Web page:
H.R. Giger, the Swiss artist who shot to fame when his aesthetic style (i.e., ‘biomechanoids’) was tapped by Ridley Scott for Alien (1979), has died at age 74.
The terrifying creature and sets he created for Ridley Scott’s film earned him an Oscar for special effects in 1980. In the art world, Giger is appreciated for his wide body of work in the fantastic realism and surrealistic genres…
Film work was just one of his talents. Giger is also known for his sculptures, paintings and furniture. The H.R. Giger Museum, inaugurated in the summer of 1998 in the Château St. Germain, is a four-level building complex in the historic, medieval walled city of Gruyères. It is the permanent home to many of the artist’s most prominent works.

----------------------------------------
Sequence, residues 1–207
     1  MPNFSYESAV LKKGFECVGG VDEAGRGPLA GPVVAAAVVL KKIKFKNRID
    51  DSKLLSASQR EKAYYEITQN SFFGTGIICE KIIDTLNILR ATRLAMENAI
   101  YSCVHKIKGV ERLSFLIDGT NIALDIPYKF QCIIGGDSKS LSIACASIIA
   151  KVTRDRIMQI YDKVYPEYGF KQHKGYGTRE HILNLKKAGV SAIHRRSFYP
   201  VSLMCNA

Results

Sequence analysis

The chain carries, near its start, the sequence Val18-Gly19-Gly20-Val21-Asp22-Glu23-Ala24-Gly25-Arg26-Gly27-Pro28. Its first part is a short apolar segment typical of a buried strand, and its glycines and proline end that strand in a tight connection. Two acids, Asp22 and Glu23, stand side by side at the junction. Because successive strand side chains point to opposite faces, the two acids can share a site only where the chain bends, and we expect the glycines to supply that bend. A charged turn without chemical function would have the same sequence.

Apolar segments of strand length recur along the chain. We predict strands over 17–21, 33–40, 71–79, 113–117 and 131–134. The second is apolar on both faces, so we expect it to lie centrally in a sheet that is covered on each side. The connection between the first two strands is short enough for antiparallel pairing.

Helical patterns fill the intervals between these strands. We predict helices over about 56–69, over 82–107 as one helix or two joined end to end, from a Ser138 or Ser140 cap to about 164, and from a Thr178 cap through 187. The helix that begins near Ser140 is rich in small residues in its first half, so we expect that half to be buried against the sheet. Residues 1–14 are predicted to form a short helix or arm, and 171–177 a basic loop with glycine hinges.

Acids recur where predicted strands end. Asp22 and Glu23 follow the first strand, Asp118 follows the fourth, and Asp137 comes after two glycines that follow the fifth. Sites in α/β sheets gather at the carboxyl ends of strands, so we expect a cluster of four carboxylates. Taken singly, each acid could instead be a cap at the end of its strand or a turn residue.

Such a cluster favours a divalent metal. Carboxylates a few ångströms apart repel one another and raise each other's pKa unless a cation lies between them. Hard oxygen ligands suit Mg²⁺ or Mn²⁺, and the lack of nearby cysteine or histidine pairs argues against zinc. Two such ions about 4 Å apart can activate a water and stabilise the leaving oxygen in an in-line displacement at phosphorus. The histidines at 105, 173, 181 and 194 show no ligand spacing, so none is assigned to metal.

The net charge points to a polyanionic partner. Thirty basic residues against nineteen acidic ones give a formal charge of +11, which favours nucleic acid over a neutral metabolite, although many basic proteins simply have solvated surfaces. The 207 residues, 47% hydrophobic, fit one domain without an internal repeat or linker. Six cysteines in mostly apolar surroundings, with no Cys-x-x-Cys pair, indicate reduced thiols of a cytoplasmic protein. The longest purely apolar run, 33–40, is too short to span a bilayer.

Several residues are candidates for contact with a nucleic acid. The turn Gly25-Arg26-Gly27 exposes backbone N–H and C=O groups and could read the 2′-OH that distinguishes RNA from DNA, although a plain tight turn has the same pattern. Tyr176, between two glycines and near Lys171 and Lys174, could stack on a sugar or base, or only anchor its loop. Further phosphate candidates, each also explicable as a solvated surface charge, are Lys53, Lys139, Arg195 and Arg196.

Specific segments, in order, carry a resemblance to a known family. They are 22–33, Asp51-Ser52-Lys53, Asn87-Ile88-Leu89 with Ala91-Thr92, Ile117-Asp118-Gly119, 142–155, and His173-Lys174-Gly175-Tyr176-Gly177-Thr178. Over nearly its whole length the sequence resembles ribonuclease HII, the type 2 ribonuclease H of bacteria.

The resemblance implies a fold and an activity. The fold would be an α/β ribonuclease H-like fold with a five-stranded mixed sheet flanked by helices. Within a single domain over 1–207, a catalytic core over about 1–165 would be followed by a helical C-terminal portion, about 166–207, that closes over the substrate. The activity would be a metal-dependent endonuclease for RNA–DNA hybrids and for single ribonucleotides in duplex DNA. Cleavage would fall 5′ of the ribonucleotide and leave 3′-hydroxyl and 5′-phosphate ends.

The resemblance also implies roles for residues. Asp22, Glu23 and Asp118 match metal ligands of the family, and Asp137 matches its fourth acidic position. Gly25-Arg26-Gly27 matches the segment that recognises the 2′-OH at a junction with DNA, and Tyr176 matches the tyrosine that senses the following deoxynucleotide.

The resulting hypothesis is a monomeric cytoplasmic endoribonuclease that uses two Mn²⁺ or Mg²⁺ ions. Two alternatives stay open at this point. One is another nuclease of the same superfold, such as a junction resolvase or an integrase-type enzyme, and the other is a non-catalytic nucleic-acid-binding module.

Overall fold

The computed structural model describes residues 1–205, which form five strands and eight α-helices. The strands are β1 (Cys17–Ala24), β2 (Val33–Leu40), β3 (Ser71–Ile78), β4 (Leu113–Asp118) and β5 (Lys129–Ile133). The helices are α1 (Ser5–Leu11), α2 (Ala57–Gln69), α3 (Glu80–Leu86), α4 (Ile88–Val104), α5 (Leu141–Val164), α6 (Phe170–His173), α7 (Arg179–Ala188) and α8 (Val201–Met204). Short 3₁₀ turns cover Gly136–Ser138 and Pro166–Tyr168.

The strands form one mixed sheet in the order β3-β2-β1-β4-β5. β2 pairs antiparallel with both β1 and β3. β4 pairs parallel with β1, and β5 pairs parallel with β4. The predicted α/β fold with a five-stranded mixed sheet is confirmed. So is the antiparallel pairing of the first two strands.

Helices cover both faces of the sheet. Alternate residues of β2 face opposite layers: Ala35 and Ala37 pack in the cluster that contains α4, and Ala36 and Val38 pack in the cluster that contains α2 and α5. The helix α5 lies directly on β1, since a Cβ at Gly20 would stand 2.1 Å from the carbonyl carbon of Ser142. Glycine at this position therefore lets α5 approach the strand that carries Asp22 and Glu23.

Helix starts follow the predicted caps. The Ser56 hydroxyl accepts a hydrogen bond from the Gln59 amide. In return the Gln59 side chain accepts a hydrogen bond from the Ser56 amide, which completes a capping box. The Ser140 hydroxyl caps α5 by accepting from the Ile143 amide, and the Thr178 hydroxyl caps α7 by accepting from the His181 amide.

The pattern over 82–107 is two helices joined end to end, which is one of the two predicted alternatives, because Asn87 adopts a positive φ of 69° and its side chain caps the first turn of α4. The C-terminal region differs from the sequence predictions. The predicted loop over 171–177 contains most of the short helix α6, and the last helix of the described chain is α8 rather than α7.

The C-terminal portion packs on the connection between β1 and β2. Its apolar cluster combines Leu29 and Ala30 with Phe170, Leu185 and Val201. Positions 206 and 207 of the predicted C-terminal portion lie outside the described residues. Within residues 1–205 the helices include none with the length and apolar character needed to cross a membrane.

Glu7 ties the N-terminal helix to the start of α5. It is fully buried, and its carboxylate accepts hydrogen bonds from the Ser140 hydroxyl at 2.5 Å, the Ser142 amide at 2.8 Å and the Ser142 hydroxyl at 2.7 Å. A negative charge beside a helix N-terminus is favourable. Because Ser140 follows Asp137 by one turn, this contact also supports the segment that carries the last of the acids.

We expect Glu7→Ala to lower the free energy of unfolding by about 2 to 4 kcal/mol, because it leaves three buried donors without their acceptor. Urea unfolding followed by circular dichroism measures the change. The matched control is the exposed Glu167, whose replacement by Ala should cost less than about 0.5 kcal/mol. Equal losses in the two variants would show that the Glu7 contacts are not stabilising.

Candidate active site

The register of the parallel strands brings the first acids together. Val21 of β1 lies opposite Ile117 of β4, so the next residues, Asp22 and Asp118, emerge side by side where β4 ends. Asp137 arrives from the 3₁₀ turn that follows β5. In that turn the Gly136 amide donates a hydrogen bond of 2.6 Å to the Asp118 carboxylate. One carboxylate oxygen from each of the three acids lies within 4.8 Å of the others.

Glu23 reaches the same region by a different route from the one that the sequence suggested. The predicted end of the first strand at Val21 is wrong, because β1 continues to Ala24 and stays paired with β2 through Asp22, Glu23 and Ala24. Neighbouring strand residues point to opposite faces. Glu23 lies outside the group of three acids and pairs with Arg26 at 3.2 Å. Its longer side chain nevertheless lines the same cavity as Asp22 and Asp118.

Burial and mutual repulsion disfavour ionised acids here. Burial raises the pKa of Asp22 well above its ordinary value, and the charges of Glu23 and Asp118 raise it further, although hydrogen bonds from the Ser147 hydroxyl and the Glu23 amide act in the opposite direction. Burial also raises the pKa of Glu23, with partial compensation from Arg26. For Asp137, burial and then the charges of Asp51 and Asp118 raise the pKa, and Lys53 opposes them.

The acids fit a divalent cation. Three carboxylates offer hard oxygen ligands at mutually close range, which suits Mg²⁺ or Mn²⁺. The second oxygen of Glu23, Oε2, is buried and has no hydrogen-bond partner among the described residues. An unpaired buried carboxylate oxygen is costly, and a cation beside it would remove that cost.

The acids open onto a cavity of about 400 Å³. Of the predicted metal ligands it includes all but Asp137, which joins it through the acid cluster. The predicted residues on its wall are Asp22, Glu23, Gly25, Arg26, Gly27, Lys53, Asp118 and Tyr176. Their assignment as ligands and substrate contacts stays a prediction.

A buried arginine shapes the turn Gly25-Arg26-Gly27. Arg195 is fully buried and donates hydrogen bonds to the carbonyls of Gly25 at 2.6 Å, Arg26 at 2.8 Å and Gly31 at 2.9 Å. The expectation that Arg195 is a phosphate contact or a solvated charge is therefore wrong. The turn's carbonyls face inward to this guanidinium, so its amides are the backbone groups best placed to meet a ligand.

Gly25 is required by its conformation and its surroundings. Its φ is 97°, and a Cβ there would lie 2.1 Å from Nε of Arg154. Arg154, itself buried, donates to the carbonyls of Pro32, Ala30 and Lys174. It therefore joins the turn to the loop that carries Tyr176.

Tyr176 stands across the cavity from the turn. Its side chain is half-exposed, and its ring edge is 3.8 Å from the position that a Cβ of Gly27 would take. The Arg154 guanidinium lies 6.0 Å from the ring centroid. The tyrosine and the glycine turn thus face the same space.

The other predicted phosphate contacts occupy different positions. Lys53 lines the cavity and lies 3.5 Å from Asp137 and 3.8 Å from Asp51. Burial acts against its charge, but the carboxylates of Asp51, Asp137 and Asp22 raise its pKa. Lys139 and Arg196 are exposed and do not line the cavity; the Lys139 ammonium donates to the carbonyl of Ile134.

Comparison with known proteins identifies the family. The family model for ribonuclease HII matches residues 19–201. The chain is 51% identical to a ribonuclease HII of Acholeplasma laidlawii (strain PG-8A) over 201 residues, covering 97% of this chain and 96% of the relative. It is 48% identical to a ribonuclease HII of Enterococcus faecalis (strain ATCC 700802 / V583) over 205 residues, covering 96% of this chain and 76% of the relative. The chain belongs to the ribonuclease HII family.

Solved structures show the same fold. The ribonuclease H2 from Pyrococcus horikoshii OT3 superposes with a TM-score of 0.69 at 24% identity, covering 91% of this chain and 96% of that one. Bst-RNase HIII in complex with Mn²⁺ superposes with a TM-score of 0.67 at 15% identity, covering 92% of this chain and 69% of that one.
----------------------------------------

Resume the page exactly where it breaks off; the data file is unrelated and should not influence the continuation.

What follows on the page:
However his art is not for people with weak nerves. Critic Fritz Billeter once wrote that Giger’s work was “loaded with eroticism tending often towards the shocking and the sadistic” and sometimes taking the form of an “orgiastic cult”.
Giger’s so-called biomechanoids represent a large share of his work. His representations of these creatures is a mixture of human and mechanical parts, with a strong focus on sexuality that can be disturbing for the viewer.
These biomechanoids are to be seen in many of Giger’s paintings and drawings, but the theme is also common to his sculptures and furniture.